Bonzo Dog Doo-Dah Band: The Intro and the Outro (1967)

 |   |  1 min read

Bonzo Dog Doo-Dah Band: The Intro and the Outro (1967)

Few indie.rock followers would perhaps know the band Death Cab for Cutie took their name from a song by this group of musical surrealists, the song of that name appearing in the Beatles' Magical Mystery Tour film in late '67 when the band were invited to sing it.

The Bonzos enjoyed some patronage from various Beatles -- McCartney produced their hit I'm the Urban Spaceman under the name Apollo C. Vermouth and Harrison, a big fan of Monty Python also, had a long association with various members.

And what members they had: Neil Innes went on to write and appear in The Rutles; founder Vivian Stanshall lent his voice to Mike Oldfield's Tubular Bells but is best known for his eccentric Sir Henry at Rawlinson nd album and film; Legs Larry Smith was (improbably) a tap dancer-cum-singer and actor . . .

They were satirists (sometimes more gentle and whimsical than Zappa and the Pythons with whom they were closely associated) and did withering parodies, and their albums were shot full of humour, spoken word pieces, strange soundscapes, silly jazz, oldtime MOR and sharp barbs of pop.

They split up a few times and reformed with various new members (their live guests was parade of rock celebrities), but true aficionados prefer their early work which, admittedly, does sound a bit dated these days. Just as some Python sketches do.

But this track from their debut album Gorilla remains very amusing. Just silliness, in a very British way. 

For more oddities, one-offs or songs with an interesting backstory use the RSS feed for daily updates, and check the massive back-catalogue at From the Vaults.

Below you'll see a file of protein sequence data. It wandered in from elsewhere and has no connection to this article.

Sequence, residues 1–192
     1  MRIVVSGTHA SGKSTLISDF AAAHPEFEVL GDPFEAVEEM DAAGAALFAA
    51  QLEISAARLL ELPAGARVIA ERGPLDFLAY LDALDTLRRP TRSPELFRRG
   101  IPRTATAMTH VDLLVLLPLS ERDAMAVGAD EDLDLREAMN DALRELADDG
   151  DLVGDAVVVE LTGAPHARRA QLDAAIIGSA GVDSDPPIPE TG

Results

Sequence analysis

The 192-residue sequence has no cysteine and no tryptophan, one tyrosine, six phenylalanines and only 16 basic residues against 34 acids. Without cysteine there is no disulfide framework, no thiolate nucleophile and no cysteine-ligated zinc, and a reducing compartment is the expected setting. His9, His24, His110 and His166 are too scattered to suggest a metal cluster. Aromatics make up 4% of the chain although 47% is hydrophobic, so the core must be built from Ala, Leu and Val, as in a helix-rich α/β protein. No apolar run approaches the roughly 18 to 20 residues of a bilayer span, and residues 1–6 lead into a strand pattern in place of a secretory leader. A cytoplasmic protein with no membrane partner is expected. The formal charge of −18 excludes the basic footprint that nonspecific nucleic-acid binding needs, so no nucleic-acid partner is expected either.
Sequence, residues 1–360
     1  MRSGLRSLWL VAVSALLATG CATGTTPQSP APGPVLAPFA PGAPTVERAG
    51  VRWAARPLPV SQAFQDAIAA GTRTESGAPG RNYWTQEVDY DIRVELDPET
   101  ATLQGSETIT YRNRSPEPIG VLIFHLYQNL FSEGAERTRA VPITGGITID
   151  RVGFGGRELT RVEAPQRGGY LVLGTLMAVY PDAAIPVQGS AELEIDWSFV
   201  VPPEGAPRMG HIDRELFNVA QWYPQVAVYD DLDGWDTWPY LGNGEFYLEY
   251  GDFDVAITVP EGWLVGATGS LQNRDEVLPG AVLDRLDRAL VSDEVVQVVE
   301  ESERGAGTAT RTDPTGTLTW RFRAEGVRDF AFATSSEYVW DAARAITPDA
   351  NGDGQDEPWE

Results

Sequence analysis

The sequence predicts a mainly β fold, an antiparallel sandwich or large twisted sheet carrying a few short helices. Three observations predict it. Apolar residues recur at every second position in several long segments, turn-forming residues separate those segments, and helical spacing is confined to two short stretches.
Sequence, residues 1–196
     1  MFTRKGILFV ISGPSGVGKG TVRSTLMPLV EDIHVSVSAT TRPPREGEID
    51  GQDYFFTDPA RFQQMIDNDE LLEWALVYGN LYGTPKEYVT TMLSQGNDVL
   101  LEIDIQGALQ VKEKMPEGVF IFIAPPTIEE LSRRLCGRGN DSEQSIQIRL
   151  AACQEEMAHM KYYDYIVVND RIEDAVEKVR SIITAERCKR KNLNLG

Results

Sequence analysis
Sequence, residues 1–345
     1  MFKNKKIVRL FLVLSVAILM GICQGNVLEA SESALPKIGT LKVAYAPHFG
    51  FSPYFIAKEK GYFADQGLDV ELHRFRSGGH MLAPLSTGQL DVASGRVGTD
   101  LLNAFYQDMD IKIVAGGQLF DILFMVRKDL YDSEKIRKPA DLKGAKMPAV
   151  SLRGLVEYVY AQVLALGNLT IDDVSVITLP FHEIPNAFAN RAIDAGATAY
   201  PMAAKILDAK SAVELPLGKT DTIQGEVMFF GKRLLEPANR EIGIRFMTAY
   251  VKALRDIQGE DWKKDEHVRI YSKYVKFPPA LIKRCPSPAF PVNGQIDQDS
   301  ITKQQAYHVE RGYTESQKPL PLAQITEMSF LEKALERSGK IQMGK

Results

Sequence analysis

Share It

Your Comments

Graham Dunster - Feb 13, 2014

Awesome band, don't forget their inclusion in the Magical Mystery Tour tv show. Disagree about the dated comment, still works extremely well. GRAHAM REPLIES: Yep, nailed that MMT in the first paragraph and the comment about "dated" didn't apply to this piece of inspired silliness, but to some of their other material which certainly doesn't have quite the same resonance today.

post a comment

More from this section   From the Vaults articles index

Screamin' Jay Hawkins: Monkberry Moon Delight (1972)

Screamin' Jay Hawkins: Monkberry Moon Delight (1972)

With Paul and Linda McCartney's Ram album being given the reissue treatment -- and album critically derided on release in '71 but a longtime Essential Elsewhere album and now picking up highly... > Read more

Portia Faces Life and Dr Paul (from the Fifties)

Portia Faces Life and Dr Paul (from the Fifties)

It seems peculiar to state the obvious, but there is at least one generation which may not know this: before television people listened to radio. And not just for music and news, radio was the... > Read more

Elsewhere at Elsewhere

THE BARGAIN BUY: Cheap Trick; Original Classic Album Series

THE BARGAIN BUY: Cheap Trick; Original Classic Album Series

By the time Cheap Trick -- who played a note-perfect Daytripper live -- got to work with Beatles' producer George Martin in 1980, they were starting to run out of puff -- and songs. In... > Read more

NICK LOWE INTERVIEWED (2009): As times go by

NICK LOWE INTERVIEWED (2009): As times go by

It is one of the ironies of Nick Lowe’s life that -- despite producing the first three Elvis Costello albums, the success of his solo debut Jesus of Cool in ‘78 (retitled Pure Pop for... > Read more